The challenge of hospital-related thrombosis

Kenneth A. Bauer

In this issue of Blood, Heit et al provide epidemiologic data that the near-universal provision of prophylaxis for venous thromboembolism (VTE) to patients in acute care hospitals has not significantly reduced its overall incidence.1

In the United States, it is estimated that 600 000 cases of deep venous thrombosis and/or nonfatal pulmonary embolism occur each year.2 Hospitalization and nursing-home residence account for ∼60% of these events.3 Several organizations, including governmental agencies and those charged with hospital accreditation, have called attention to this problem and implemented programs to increase VTE prophylaxis among hospitalized patients. The provision of anticoagulant prophylaxis to hospitalized patients at increased risk of thrombosis has therefore become widespread with the expectation that such practices would reduce the overall disease burden.

This paper examined the rates of incident and recurrent VTE, related and unrelated to hospitalization, among residents of Olmsted County, Minnesota during the period from 2005 through 2010; these rates were then extrapolated to the US population at large. The investigation of VTE in the Olmsted County population has been ongoing for many years and has provided valuable information with regard to its incidence and risk factors in the community.2,3 Over these 6 years, the proportion of patients receiving appropriate VTE prophylaxis increased from ∼40% in 2006 to 90% in 2010. Despite this change, the rates of VTE related to hospitalization did not change significantly; 75% of cases were diagnosed within 3 months following discharge. For the 2008 to 2010 period, data regarding VTE prophylaxis were available from electronic medical records; the median durations of anticoagulant prophylaxis and hospitalization were 70 hours and 3 days, respectively. Because very few patients were given prescriptions for continued thromboprophylaxis at discharge, the authors hypothesize that the short duration of anticoagulation was a major factor contributing to the lack of a decline in the incidence of VTE.

Although the clinical benefit of anticoagulant prophylaxis in high-risk surgical patients was established >40 years ago, there have been uncertainty and controversy regarding its effectiveness in medical patients. The inclusion of asymptomatic deep venous thrombosis in the calf veins in the MEDENOX trial as a surrogate outcome may have led to an overestimation of the efficacy of anticoagulant efficacy (ie, enoxaparin) in preventing clinically important outcomes4; the duration of anticoagulant therapy was also longer in this and other placebo-controlled trials of parenteral anticoagulants in the medically ill due in part to longer hospital stays. This makes the risk for bleeding associated with prophylactic anticoagulation seem minor in comparison with its efficacy in preventing venous thrombosis. In a review of VTE prophylaxis in hospitalized medical and stroke patients, Lederle et al concluded that heparin prophylaxis had no significant effect on mortality, may have reduced pulmonary embolism, and led to more bleeding and major bleeding events, resulting in little or no net benefit.5 Nonetheless, for acutely ill hospitalized medical patients at increased risk of thrombosis, the American College of Chest Physicians Evidence-Based Clinical Practice Guideline (9th edition) recommends thromboprophylaxis with low-molecular-weight heparin, low-dose unfractionated heparin (twice or 3 times daily), or fondaparinux (grade 1B), and suggests against extending the duration of thromboprophylaxis beyond the period of patient immobilization or acute hospital stay (grade 2B).6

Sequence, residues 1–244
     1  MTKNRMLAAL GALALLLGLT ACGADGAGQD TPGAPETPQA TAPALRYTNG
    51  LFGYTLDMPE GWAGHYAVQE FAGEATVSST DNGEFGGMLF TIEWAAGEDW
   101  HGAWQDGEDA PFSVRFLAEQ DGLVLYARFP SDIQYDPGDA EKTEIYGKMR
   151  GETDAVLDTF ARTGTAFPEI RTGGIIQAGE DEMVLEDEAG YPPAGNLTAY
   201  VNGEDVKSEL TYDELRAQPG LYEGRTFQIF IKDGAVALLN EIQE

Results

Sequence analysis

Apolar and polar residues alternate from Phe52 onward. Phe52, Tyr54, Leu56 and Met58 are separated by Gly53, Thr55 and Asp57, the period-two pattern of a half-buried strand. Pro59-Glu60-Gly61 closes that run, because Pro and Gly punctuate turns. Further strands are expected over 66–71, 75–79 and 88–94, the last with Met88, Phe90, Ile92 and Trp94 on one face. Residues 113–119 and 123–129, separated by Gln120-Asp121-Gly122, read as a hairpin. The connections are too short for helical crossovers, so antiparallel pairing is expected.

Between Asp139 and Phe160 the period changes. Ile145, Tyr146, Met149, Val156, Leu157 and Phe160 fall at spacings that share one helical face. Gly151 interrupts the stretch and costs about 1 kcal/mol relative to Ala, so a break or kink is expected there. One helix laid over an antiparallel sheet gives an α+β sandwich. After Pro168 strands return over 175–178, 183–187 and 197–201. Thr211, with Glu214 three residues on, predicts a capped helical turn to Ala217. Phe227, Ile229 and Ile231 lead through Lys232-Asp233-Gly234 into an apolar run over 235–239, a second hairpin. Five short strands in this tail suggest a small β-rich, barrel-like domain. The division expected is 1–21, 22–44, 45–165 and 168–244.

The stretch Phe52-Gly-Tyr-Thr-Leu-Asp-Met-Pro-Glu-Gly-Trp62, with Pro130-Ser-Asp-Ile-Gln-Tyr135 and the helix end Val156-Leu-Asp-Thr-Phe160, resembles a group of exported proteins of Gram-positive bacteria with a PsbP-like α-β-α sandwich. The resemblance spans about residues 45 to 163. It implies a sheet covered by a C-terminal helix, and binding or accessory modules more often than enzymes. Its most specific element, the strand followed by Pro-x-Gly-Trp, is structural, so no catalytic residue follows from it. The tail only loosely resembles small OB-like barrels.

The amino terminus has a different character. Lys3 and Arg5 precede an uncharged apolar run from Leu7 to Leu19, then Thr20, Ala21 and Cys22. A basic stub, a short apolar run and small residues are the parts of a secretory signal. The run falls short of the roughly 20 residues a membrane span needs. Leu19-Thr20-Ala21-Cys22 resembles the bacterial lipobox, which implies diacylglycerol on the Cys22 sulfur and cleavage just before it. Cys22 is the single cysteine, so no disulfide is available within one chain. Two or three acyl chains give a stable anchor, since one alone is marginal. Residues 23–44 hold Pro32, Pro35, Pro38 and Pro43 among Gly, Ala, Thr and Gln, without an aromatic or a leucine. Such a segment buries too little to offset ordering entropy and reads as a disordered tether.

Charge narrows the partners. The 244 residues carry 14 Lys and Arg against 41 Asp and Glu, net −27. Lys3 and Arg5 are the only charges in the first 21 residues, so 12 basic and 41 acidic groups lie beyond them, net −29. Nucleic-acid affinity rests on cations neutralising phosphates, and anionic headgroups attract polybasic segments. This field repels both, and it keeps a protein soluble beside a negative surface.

The implication of this study is that the implementation of “universal” in-hospital VTE prophylaxis programs has failed to impact real-world event rates. The results should not however be interpreted as showing that VTE prophylaxis among hospitalized patients is ineffective because nearly all “at-risk” patients received treatment, even if was of relatively short duration. Although abbreviated thromboprophylaxis due to decreased length of hospitalizations may have contributed to the results, other explanations are possible, including lack of efficacy of widely used anticoagulant regimens in high-risk populations, such as those with cancer.7 The study of Heit et al included surgical patients in addition to acutely ill medical patients. Many major surgical procedures are now done entirely in the outpatient setting or with overnight hospitalizations; this patient population also is likely receiving very short periods of thromboprophylaxis. This experience in Olmsted County highlights the need for ongoing research to identify patients at high risk for hospitalization or surgery-related VTE such that they can be treated with an appropriate duration of antithrombotic therapy; such efforts are ongoing in the hospitalized medically ill with the direct oral anticoagulants.8,9


  • Conflict-of-interest disclosure: K.A.B. has received consulting fees from Janssen and Boehringer Ingelheim.


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